Short Report on the Field Trip of Landslides at GSA2017, Seattle
Yujiro Ogawa (Home, Tsukubamirai) and Kiichiro Kawamura (Yamaguchi University)
(November 3, 2017)
On the occasion of GSA2017 annual meeting at Seattle, WA, we attended one-day pre-meeting field trip on landslides to the north of Seattle, October 21, 2017. This trip was organized and lead by Scott Anderson (USGS), Doug Clark (Western Washington University), Alison Duvall (University of Washington), Sean Lahusen (University of Washington), Geoff Malick (Western Washington University), and Dave Montgomery (University of Washington).
This trip is called “The 2016 Kirk Bryan field trip: Exploring the mechanics, frequency, and impacts of deep seated landslides in Washington State”, and focused on the evolution, and landscape-scale denudation, and can pose a substantial hazard to human life and infrastructure.
The followings are partly after the field guide (Anderson et al., 2017), which was published as GSA Field Guide No. 49. We visited two regions in Washington State where large landslides have been pervasive, and discussed the geologic and hydrologic conditions that promote deep-seated failures, their frequency, and the impacts of large landslides on natural and human landscapes. This area is known to be situated 2
in the Cascadia subduction zone, in front of the active volcanic arc chain (Fig. 1). The trip was composed of two regions, at the first series of stops (Stops 1 – 4) explored the North Fork Stillaguamish Basin, where deposits from the last glacial maximum have failed frequently over the Holocene, including the catastrophic 2014 Oso landslide. The attendees discussed the methods and results of a recently developed landslide chronology for the valley, possible mechanisms of failure and mobility of the 2014 landslide and the river response to that valley-spanning deposit. We understood that the glacier deposits (lacustrine deposits, advance outwash, till, and reccesional outwash in ascending order) of 200 m thickness of the hillslope of the last glacier period, was suddenly collapsed after rain of March 22, 2014. Observation indicated that silt and clay in the till must have worked as the sliding zone for large debris flow type landslide. Based on the seismic record, it is interpreted that the first period of landslide is of slow flow type, whereas the second period four minutes and a half later is rapid collapse though the latter is of smaller scale of mass flow. Tree (trunk) orientation with vectors is analyzed to show back-rotation of overstepping type (toe first, head last), and local sliding occurring separately to various directions.
Another landslide next to the west (Rowan landslide) is analyzed by C14 dating, which indicates the most recent one to be of 500 yBP, and some others 6000 yBP, 12000 yBP etc., suggesting rather continuous occurrence in the E-W lines of both north and south flanks of the river at hillslopes.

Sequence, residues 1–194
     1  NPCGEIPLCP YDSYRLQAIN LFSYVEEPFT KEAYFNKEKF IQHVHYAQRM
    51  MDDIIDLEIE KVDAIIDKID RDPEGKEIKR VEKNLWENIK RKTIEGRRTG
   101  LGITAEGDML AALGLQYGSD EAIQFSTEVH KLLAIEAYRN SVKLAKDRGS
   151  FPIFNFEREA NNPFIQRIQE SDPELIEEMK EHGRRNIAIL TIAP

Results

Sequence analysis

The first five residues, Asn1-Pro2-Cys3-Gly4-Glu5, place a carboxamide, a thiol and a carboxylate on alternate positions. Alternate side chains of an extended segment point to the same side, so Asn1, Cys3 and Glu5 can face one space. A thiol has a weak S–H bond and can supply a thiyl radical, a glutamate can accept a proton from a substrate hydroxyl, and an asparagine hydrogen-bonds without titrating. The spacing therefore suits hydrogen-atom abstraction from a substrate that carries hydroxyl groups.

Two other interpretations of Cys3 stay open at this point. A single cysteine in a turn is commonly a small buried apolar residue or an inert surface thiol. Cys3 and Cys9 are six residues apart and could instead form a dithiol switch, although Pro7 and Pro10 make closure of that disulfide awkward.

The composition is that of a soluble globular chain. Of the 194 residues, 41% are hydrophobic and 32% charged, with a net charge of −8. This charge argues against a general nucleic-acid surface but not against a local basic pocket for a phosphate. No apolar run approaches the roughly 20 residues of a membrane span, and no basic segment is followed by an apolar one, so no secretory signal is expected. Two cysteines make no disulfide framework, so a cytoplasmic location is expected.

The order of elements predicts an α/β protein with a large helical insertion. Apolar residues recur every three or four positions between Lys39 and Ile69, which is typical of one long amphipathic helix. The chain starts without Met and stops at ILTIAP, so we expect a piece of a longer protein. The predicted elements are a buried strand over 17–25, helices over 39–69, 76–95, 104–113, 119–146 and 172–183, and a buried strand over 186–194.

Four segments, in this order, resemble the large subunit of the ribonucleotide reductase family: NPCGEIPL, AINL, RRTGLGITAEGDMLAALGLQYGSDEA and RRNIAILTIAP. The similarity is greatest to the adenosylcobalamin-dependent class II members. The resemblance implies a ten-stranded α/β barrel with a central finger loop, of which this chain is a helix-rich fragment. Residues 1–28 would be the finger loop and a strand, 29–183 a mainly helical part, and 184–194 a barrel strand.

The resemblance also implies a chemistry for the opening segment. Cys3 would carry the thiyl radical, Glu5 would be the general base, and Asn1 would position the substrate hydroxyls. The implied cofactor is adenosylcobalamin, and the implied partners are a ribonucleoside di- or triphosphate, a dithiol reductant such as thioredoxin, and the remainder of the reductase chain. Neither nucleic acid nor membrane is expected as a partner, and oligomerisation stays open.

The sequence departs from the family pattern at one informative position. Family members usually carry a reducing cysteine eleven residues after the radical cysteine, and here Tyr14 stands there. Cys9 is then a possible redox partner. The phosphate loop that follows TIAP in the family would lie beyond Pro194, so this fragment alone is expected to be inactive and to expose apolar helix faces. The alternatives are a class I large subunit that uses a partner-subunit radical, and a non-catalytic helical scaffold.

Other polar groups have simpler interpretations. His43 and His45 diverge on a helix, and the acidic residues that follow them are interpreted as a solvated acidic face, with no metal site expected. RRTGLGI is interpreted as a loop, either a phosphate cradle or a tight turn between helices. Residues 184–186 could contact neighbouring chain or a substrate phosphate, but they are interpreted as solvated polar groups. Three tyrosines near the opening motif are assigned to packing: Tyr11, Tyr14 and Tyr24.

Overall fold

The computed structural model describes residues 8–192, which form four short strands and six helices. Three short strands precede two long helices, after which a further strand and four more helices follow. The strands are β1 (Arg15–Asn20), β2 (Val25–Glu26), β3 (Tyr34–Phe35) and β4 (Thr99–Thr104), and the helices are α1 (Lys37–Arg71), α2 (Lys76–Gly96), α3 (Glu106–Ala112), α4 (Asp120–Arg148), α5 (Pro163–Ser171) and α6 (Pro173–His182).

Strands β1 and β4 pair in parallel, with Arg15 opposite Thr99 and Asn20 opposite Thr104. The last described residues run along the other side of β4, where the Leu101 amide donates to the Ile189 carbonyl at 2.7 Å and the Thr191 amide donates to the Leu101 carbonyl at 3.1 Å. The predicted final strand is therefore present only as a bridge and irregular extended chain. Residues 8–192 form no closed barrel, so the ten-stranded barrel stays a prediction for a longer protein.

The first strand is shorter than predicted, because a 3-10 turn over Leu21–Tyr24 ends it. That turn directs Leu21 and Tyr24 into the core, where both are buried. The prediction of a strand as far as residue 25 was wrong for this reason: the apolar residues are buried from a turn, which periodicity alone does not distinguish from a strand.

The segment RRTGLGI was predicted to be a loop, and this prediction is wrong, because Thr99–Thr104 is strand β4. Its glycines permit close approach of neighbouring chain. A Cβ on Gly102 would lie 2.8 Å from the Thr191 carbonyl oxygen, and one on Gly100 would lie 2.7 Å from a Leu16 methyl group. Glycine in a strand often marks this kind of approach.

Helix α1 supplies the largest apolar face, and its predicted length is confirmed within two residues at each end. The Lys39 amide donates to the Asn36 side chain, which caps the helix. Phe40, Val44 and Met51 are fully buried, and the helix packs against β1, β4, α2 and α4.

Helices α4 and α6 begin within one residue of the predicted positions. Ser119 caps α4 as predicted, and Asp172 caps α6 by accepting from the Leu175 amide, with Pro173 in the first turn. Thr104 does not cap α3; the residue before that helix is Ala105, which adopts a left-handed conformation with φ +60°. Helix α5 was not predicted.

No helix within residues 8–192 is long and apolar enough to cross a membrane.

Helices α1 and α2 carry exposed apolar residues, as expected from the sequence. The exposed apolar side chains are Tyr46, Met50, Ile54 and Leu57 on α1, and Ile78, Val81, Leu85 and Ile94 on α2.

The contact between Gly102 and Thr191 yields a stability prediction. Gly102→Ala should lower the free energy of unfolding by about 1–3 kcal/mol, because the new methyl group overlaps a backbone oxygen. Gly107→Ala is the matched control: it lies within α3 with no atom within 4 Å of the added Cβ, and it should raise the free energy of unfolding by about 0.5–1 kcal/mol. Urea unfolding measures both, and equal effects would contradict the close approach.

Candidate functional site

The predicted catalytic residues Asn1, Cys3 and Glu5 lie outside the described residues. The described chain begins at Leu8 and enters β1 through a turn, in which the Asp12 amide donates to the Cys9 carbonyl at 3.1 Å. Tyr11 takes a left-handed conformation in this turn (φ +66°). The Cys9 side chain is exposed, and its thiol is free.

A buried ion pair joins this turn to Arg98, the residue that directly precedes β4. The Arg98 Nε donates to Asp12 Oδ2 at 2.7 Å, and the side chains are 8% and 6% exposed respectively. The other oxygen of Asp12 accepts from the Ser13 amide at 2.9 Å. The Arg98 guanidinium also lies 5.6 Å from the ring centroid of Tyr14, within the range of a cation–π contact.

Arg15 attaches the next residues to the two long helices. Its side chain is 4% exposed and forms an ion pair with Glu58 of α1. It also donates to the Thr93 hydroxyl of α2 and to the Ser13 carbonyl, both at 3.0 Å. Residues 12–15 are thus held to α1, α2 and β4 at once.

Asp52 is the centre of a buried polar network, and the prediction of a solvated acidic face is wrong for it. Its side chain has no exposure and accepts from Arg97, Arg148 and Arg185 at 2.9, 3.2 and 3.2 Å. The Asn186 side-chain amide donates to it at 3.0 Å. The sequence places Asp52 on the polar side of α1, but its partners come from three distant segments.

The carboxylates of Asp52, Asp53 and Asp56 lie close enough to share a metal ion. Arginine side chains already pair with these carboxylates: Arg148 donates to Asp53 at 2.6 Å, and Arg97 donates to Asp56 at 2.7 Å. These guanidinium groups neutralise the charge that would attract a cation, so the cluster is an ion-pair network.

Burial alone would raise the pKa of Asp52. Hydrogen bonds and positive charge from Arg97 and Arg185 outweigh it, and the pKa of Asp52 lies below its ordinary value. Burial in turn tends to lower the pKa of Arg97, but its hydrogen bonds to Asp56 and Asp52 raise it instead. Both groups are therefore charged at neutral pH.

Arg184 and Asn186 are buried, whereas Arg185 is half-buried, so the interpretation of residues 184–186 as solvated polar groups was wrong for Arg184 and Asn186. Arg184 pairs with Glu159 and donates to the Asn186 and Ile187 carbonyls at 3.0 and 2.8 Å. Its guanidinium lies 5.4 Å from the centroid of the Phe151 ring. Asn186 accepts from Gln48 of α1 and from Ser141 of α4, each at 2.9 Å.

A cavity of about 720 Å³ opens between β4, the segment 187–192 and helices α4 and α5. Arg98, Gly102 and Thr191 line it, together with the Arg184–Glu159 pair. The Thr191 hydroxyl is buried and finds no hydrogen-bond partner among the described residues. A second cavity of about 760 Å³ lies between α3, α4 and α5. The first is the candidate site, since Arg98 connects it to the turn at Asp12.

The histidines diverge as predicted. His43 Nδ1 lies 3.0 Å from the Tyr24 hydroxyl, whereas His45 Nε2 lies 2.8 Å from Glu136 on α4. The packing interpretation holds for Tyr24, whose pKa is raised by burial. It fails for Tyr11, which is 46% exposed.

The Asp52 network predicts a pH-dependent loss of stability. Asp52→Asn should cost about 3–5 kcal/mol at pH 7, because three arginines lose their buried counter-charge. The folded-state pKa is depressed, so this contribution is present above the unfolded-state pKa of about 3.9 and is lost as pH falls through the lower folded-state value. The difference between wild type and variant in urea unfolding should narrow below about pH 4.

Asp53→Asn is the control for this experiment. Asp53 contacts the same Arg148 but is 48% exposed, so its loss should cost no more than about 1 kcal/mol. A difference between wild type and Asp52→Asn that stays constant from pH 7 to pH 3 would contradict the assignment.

At the second series of stop region in the Nooksack Basin east of Bellingham (Stops 5 & 6), we observed an open pit at the latter stop, where collapsed of Eocene sedimentary rocks have produced numerous large slumps and high-mobility bedrock landslides, called Van Zandt landslide complex (VZLC) (Fig. 1). Bed rock avalanche might have occurred by collapse by cracking during 7th Century according to the C14 dating of trunks. This age merely coincides with a subduction type mega earthquake, and some lines of evidence of tsunamis in the Cascadia coasts. We inspected surface expressions in the runout zone of a particularly large, multi-lobe bedding-plane failure.
The leaders explained that the ongoing efforts are tried to monitor growing fractures in the head-scarp region of the complex. They further explained that given the high human cost of the Oso landslide, and the clear but poorly defined prehistoric sites like VZLC, they hope to foster discussions throughout this trip about how earth science is communicated to policy makers and the general public in the context of disaster avoidance, awareness, and response.
Thus during the trip, we examined two different types of landslides, either influenced (or triggered) by heavy rain or earthquake shake or both, and noticed that the glacier influenced areas like Washington State of the US must be hazardous by both climate, tectonic and also the basic bed rocks or sediments of the hillslopes. Also we need to consider how to avoid the loss of fatality by multiple causes of the coming disasters in subduction zones. 3
Anderson, S. et al., (2017) The 2016 Kirk Bryan field trip: Exploring the mechanics, frequency, and impacts of deep seated landslides in Washington State. In: Ralph A. Haugerud and Harvey M. Kelsey (eds), From the Puget Lowland to East of the Cascade Range: Geologic Excursions in the Pacific Northwest. GSA Field Guide 49.
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